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Growing Risk of Malnutrition and Disease Among Displaced Population in Sierra Leone
Civilians in Sierra Leone Are Victims of Rebel Atrocities and Government Bombings
New York/Amsterdam, 14 July, 2000 — As a result of recent fighting in Sierra Leone, over 200,000 people are estimated to have been driven from their homes by fear, violence and hunger. Some 45,000 people have gathered around the town of Mile 91, and another 60,000 around Port Loko to the east of Freetown. The displaced have arrived in the towns frightened, tired, hungry and often sick. Their situation remains precarious and there is a desperate need for security, shelter and humanitarian assistance.
In June at Mile 91, Doctors Without Borders/Médecins Sans Frontières (MSF) conducted approximately 8,000 consultations during a two-week period (200-400 consultations per day in each of four clinics), and found high numbers of malaria, respiratory infections and exhaustion. There were also several cases of watery and bloody diarrhea.
In addition, the clinics have received 35 cases of severe malnutrition, but MSF teams suspect that there are many more cases going undetected. This nutritional problem will continue to be a growing concern as those arriving at Mile 91 often arrive weak and hungry, and food is in short supply and expensive. Thus far only a small number of the displaced have benefited from food distributions.
Some of the displaced reported that the rebel Revolutionary United Front (RUF) continues to be widely implicated in serious abuses -- including extra-judicial killings, rapes, amputations, forced labor, flogging and looting -- that contributed to the fleeing of the population. Other ill-disciplined militia groups, allegedly fighting on the side of the government, have also created insecurity in the areas where the displaced have gathered.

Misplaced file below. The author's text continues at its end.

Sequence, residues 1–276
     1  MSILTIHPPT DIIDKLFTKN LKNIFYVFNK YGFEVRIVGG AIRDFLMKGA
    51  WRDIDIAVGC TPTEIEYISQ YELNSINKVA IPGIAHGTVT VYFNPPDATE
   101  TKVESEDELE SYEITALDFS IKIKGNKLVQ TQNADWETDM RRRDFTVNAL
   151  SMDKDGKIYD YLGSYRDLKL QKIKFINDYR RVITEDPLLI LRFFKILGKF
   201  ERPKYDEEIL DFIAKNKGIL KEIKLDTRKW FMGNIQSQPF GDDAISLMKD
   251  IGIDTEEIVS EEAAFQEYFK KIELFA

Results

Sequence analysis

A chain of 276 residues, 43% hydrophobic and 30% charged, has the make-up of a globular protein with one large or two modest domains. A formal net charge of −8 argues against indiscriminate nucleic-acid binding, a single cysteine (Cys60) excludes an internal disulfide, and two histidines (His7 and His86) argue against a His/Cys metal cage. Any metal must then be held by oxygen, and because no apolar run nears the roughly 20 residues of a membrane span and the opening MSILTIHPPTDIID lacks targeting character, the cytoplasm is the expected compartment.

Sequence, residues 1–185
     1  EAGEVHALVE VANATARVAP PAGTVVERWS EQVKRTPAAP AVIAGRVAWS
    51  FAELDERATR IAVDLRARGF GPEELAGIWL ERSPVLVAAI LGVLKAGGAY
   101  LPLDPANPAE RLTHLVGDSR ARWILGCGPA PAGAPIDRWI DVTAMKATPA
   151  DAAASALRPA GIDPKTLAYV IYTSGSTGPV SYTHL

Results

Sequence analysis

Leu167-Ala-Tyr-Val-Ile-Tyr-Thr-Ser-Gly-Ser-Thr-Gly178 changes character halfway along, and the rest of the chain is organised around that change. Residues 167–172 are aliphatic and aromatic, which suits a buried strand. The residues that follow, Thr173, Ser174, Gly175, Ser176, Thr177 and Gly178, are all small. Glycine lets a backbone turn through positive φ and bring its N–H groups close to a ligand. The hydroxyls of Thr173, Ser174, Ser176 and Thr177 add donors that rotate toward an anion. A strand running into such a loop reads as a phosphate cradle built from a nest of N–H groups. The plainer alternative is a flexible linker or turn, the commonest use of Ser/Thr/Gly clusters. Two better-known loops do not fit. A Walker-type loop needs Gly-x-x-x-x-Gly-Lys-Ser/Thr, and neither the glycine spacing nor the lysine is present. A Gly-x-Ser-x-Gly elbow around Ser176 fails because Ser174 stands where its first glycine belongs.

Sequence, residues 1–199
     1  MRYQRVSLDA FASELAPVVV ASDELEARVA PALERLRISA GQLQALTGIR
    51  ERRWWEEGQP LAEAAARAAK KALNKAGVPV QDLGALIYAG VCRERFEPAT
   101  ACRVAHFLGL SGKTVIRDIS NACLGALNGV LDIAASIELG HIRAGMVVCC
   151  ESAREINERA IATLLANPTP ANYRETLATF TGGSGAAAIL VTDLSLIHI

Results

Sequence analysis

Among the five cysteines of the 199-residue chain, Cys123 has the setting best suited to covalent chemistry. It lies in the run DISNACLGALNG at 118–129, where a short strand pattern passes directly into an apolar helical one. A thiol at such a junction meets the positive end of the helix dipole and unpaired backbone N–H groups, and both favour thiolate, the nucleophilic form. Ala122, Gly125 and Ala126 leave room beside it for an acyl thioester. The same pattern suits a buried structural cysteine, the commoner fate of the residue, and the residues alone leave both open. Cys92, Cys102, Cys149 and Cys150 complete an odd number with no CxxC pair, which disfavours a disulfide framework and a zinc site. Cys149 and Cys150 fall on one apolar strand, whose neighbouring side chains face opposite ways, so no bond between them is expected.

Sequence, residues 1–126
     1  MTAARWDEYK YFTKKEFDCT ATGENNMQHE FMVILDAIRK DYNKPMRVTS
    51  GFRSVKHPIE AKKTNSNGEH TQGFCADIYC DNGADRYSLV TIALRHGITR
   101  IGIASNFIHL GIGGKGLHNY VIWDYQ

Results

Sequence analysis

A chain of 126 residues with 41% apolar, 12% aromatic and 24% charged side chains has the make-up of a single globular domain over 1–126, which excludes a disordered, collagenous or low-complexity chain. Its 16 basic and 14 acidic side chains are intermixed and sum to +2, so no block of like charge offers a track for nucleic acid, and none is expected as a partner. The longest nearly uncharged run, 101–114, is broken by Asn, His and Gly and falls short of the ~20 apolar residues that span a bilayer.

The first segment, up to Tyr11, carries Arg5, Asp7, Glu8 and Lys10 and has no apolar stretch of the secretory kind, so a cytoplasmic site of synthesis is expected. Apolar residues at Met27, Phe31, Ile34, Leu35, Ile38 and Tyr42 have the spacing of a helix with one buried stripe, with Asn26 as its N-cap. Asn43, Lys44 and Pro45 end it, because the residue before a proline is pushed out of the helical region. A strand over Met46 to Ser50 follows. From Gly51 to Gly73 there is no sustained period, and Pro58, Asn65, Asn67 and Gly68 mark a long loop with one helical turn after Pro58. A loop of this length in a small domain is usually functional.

However, most of the displaced persons that MSF interviewed indicated that the main reason for fleeing their homes was attacks carried out by two helicopter gunships controlled by the Sierra Leone armed forces. The attacks mostly took place during the first two weeks of June. Places attacked included Makeni and its surrounding villages, Magburaka, villages around Kabala (Koinadugu district), and Rokupr, Kambia and Mange (Kambia district).
One account reported by MSF described an attack near the central mosque and cemetery in the town of Makeni:
"MK saw the helicopter gunship approaching. When it began dropping leaflets, he ran to the nearest house to hide. About 15 people were inside. Then the bombs started exploding. The second bomb fell very close and the pressure of the blast lifted him from the ground. He was bleeding from his eyes and shell fragments had pierced his buttocks and shoulder. Four of those he had been hiding with had been killed by the blast, including a cousin and a neighbor."
The renewed fighting has worsened an already tenuous situation for the newly displaced and the population in RUF-controlled areas. The populations are trapped in a precarious situation between warring parties, and humanitarian organizations have limited access to provide assistance. MSF is deeply concerned about the health and security of displaced populations at Mile 91 and Port Loko. All parties to the conflict must ensure the protection of internally displaced persons and must guarantee access to humanitarian organizations.